In addition to malignant neoplasms, other lung diseases might require surgical treatment, such as those of benign neoplastic, inflammatory, and infectious etiology, which can also be treated by VATS resection. -The potential documented benefits of VATS pulmonary resection include smaller incisions, lower pain intensity, a lower rate of ventilatory complications, minimal impact on the immune system, decreased release of inflammatory mediators, shorter hospital stays, etc.(3-6)

    VATS should follow the sample principles as those of conventional surgery with anatomic pulmonary resection

    and mediastinal lymphadenectomy. -VATS provides good oncologic results, and various studies have demonstrated that the number of lymph nodes resected by VATS is similar to that of those resected by conventional surgery,(7-9) without compromise of oncologic results.(10-12) Survival results for patients undergoing VATS lobectomy are similar to those for patients undergoing conventional lobectomy, and 5-year disease-free survival is up to 88% in stage IA patients.(10)

    Although VATS is a well-established technique worldwide, it is not yet part of routine practice in many thoracic surgery centers in Brazil. The poor availability of materials and equipment essential for performing these procedures, both in the public and private health care systems, has delayed this technique’s introduction to and consolidation in many health care facilities in the country.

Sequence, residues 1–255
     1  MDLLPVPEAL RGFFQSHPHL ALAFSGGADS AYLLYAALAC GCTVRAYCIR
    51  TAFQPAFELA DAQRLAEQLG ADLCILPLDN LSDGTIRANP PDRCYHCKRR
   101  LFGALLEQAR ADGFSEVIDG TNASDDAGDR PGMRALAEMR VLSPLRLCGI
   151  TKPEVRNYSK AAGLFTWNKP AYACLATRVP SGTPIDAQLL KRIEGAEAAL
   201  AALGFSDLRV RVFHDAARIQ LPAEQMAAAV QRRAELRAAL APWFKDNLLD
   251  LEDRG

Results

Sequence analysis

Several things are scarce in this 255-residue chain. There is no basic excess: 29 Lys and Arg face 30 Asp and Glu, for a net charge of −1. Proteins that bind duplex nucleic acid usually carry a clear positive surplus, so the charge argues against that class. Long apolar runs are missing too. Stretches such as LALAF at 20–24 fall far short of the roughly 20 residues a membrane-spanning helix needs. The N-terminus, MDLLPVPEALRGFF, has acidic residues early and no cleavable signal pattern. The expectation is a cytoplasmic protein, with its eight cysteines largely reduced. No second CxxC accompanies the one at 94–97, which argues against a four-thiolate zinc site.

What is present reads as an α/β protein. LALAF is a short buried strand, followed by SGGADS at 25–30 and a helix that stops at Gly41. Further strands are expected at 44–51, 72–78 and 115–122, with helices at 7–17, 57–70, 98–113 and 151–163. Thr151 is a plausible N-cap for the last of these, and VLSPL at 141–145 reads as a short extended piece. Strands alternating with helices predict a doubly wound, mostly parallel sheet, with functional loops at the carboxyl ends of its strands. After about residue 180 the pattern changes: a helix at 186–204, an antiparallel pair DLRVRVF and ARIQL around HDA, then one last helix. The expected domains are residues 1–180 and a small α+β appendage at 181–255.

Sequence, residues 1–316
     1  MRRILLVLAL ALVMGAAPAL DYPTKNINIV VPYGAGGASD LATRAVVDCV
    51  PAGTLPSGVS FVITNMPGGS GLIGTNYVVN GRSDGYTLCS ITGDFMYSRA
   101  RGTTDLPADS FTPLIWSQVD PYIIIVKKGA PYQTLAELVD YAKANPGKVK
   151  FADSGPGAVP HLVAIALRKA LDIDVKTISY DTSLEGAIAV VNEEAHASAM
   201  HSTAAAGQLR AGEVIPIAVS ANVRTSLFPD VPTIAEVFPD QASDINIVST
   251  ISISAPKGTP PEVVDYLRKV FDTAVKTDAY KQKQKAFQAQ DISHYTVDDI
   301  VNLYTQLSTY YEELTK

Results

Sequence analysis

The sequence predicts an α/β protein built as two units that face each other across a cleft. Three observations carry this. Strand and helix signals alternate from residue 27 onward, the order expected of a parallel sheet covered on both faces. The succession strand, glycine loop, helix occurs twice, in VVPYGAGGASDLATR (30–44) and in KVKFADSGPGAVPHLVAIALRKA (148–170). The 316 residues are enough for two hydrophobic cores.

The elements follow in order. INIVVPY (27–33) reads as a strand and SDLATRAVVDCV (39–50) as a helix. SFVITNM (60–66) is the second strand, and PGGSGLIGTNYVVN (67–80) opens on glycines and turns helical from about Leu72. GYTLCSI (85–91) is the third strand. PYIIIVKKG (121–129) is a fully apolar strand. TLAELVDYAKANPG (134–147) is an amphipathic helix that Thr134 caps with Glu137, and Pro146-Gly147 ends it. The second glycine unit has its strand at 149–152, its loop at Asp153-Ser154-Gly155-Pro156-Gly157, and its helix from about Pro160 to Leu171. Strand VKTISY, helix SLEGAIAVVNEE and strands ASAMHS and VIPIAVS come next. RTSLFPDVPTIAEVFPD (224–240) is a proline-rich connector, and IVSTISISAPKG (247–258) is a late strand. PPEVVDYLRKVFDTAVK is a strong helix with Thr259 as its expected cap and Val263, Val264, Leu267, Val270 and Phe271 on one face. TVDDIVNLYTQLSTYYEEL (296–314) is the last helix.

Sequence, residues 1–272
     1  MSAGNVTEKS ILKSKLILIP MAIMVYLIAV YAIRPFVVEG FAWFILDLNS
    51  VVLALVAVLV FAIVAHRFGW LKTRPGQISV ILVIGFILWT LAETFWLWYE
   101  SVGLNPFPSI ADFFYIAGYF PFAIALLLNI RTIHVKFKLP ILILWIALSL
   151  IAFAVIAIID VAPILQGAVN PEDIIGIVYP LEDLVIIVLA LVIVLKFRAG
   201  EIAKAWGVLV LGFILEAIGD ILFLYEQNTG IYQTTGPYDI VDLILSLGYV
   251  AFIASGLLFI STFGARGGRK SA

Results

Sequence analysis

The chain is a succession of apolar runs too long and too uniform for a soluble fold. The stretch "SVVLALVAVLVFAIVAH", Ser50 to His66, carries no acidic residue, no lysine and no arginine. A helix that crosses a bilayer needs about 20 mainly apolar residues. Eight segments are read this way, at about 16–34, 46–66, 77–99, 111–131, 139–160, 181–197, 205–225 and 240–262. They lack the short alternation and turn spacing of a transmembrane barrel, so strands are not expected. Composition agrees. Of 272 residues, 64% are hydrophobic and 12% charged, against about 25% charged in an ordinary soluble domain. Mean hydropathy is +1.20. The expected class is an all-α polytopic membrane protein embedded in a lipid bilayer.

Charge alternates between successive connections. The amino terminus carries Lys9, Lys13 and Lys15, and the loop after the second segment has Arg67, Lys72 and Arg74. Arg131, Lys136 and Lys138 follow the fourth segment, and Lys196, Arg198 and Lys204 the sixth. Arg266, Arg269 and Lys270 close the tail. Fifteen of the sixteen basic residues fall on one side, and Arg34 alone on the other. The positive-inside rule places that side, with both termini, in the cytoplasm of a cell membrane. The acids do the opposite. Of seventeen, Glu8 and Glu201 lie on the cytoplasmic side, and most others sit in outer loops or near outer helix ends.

METHODS

    Patient selection and statistical analysis The objective of the present study was to determine

    the clinical and epidemiological profile of patients who underwent anatomic pulmonary resection by VATS in the Department of Thoracic Surgery of the Santa Casa Sisters of Mercy Hospital Pavilhão Pereira Filho, located in the city of Porto Alegre, Brazil. All patients who underwent anatomic pulmonary resection by VATS from 2010, when the first such procedure was performed, to 2015 were

    1. Serviço de Cirurgia Torácica, Pavilhão Pereira Filho, Irmandade da Santa Casa de Misericórdia de Porto Alegre, Porto Alegre (RS) Brasil.

    2. Disciplina de Cirurgia Torácica, Universidade de Ciências da Saúde de Porto Alegre, Porto Alegre (RS) Brasil.

    Submitted: 26 January 2016. Accepted: 31 October 2016.

    Study carried out at the Serviço de Cirurgia Torácica, Pavilhão Pereira Filho, Irmandade da Santa Casa de Misericórdia de Porto Alegre, Porto Alegre (RS) Brasil.

    J Bras Pneumol. 2017;43(2):129-133

    129

    ORIGINAL ARTICLE

  • Anatomic pulmonary resection via video-assisted thoracic surgery: analysis of 117 cases at a referral center in Brazil

    analyzed. In the present study, the following variables were assessed: gender; clinical stage; histological type; tumor location; type of resection; and relevant postoperative data. All data were collected prospectively and analyzed.

    Categorical variables were calculated as frequencies. Continuous numerical variables were calculated as means; however, medians and standard deviations were also calculated, because some parameters exhibited non-normal data distribution and a wide data range. All statistical analyses were performed with IBM SPSS Statistics, version 22 (IBM Corporation, Armonk, NY, USA).

    Preoperative assessment All patients with suspected or confirmed lung cancer